and forage areas should never be treated with insecticides or other
harmful chemicals. If insecticides are utilized in the vicinity of bee
habitat, they should be applied when they have the lowest impact possible
on local bee populations. This might entail spraying pesticides only
when bees are not active.
The best time to plant in your area depends on the climate and rainfall patterns as well as the species you are planting. In cool climates, plant annuals, perennials or mixtures of annuals and perennials in spring, early summer or late fall. Fall plantings should be late enough so that seeds do not germinate until spring. Perennials can also be sown in early fall provided that there are at least 10-12 weeks of growing time before the plants go dormant for the winter. Late fall plantings are advantageous when supplemental irrigation cannot be provided and adequate rainfall is anticipated in the spring.
In mild climates, plant during the cooler months of the year; fall through spring, for best results. Fall plantings done prior to periods of rainfall will insure an early display of flowers the following spring.
All seeds, including wildflowers, need ample moisture to germinate and to develop into healthy seedlings. Best results will be obtained by soaking the planted areas thoroughly and maintaining consistent moisture for 4-6 weeks -- then gradually reducing watering. In non-irrigated situations, plant in the spring or before periods of anticipated rainfall. After seedlings are established, watering may be reduced depending on the climate and rainfall. In arid climates or during drought conditions, up to 1/2 inch of supplemental water per week may be required to maintain an optimal display. If weeds are present, remember that they benefit from moisture as much as the wildflowers and may dominate over watered areas.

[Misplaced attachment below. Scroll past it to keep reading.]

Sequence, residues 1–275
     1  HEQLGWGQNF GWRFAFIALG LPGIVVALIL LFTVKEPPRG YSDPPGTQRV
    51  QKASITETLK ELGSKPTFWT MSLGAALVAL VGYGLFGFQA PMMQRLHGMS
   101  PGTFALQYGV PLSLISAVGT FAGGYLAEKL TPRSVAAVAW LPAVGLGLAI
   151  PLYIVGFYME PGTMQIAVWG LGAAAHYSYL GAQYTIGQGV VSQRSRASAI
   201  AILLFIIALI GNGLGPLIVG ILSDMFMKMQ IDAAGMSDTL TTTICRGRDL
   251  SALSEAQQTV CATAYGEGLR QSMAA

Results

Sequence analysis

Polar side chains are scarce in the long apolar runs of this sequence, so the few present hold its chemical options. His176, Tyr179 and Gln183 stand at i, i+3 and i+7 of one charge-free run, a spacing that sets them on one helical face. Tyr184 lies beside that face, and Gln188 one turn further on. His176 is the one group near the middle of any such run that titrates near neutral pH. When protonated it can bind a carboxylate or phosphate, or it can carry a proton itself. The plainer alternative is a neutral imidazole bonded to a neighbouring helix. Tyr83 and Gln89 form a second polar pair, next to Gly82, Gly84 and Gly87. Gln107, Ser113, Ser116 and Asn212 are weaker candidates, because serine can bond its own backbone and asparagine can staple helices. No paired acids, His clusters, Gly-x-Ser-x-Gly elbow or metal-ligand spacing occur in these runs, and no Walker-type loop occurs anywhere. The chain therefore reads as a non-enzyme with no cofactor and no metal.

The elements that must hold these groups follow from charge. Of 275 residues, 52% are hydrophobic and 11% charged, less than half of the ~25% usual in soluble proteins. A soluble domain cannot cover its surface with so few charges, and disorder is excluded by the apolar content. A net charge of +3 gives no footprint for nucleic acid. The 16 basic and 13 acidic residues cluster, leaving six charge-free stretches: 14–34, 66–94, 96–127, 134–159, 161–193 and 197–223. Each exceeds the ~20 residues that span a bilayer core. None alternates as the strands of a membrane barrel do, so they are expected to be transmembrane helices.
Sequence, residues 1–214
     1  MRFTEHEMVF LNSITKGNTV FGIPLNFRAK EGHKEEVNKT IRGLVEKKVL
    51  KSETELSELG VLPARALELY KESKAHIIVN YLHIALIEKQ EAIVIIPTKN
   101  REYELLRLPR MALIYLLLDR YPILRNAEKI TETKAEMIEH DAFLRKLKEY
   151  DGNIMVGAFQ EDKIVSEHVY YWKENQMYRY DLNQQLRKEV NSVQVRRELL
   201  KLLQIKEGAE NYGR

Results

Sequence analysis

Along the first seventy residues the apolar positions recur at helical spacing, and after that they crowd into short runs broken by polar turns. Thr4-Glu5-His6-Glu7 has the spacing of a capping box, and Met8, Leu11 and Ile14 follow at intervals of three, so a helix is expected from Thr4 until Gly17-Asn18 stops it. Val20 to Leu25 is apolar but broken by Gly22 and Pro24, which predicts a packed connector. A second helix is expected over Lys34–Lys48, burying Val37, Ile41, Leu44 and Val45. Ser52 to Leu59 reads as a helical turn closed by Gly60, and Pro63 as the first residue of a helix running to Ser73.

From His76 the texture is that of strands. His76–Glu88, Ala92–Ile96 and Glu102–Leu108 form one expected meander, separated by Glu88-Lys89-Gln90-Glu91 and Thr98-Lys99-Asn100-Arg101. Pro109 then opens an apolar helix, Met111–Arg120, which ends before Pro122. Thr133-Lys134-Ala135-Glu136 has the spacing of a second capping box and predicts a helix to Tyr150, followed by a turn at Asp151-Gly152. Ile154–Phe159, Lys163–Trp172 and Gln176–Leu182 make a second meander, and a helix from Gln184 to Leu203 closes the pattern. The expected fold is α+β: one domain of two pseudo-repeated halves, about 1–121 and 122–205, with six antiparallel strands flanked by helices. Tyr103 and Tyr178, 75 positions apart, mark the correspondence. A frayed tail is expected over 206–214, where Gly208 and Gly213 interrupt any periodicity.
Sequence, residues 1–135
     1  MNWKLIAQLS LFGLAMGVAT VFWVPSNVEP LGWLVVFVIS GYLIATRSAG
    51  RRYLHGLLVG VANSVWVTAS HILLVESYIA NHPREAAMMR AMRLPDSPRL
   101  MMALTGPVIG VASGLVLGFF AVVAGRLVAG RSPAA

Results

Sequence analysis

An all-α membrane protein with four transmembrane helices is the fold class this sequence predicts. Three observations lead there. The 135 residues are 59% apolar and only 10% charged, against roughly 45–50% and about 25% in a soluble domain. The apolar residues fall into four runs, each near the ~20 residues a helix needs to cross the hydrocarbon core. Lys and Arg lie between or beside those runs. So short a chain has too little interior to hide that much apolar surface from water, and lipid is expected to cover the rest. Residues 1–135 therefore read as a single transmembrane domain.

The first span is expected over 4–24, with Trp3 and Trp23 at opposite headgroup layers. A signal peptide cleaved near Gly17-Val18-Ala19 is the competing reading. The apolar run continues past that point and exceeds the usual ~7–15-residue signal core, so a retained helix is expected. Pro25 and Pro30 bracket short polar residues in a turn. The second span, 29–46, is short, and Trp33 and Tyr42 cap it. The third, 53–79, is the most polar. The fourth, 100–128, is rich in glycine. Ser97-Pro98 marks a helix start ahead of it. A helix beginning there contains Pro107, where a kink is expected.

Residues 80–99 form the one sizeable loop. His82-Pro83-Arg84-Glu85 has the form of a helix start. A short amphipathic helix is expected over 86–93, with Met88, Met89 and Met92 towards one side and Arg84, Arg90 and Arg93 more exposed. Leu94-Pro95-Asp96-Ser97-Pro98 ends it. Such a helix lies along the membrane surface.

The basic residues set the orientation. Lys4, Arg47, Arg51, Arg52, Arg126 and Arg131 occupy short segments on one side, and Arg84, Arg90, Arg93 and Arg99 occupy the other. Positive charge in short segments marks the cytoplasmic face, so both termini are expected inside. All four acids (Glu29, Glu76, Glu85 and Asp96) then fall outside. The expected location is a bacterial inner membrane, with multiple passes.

Many wildflowers benefit from some fertilization if the soil does not have adequate nutrients. Some wildflowers do fine in poor soils, while others require a more fertile environment. We recommend that a soil test be performed when soil quality is unknown. If the soil needs improvement, use a low nitrogen fertilizer with a 5-10-10 ratio or add organic matter such as weed-free straw or grass clippings, well-rotted compost, peat moss, or leaf mold. In addition to adding nutrients, organic materials enhance soil structure and encourage beneficial microorganisms. Avoid over-fertilizing which may promote weed growth and lush foliage rather than flowers.SEE WILDFLOWER FOR COMPLETE DIRECTIONS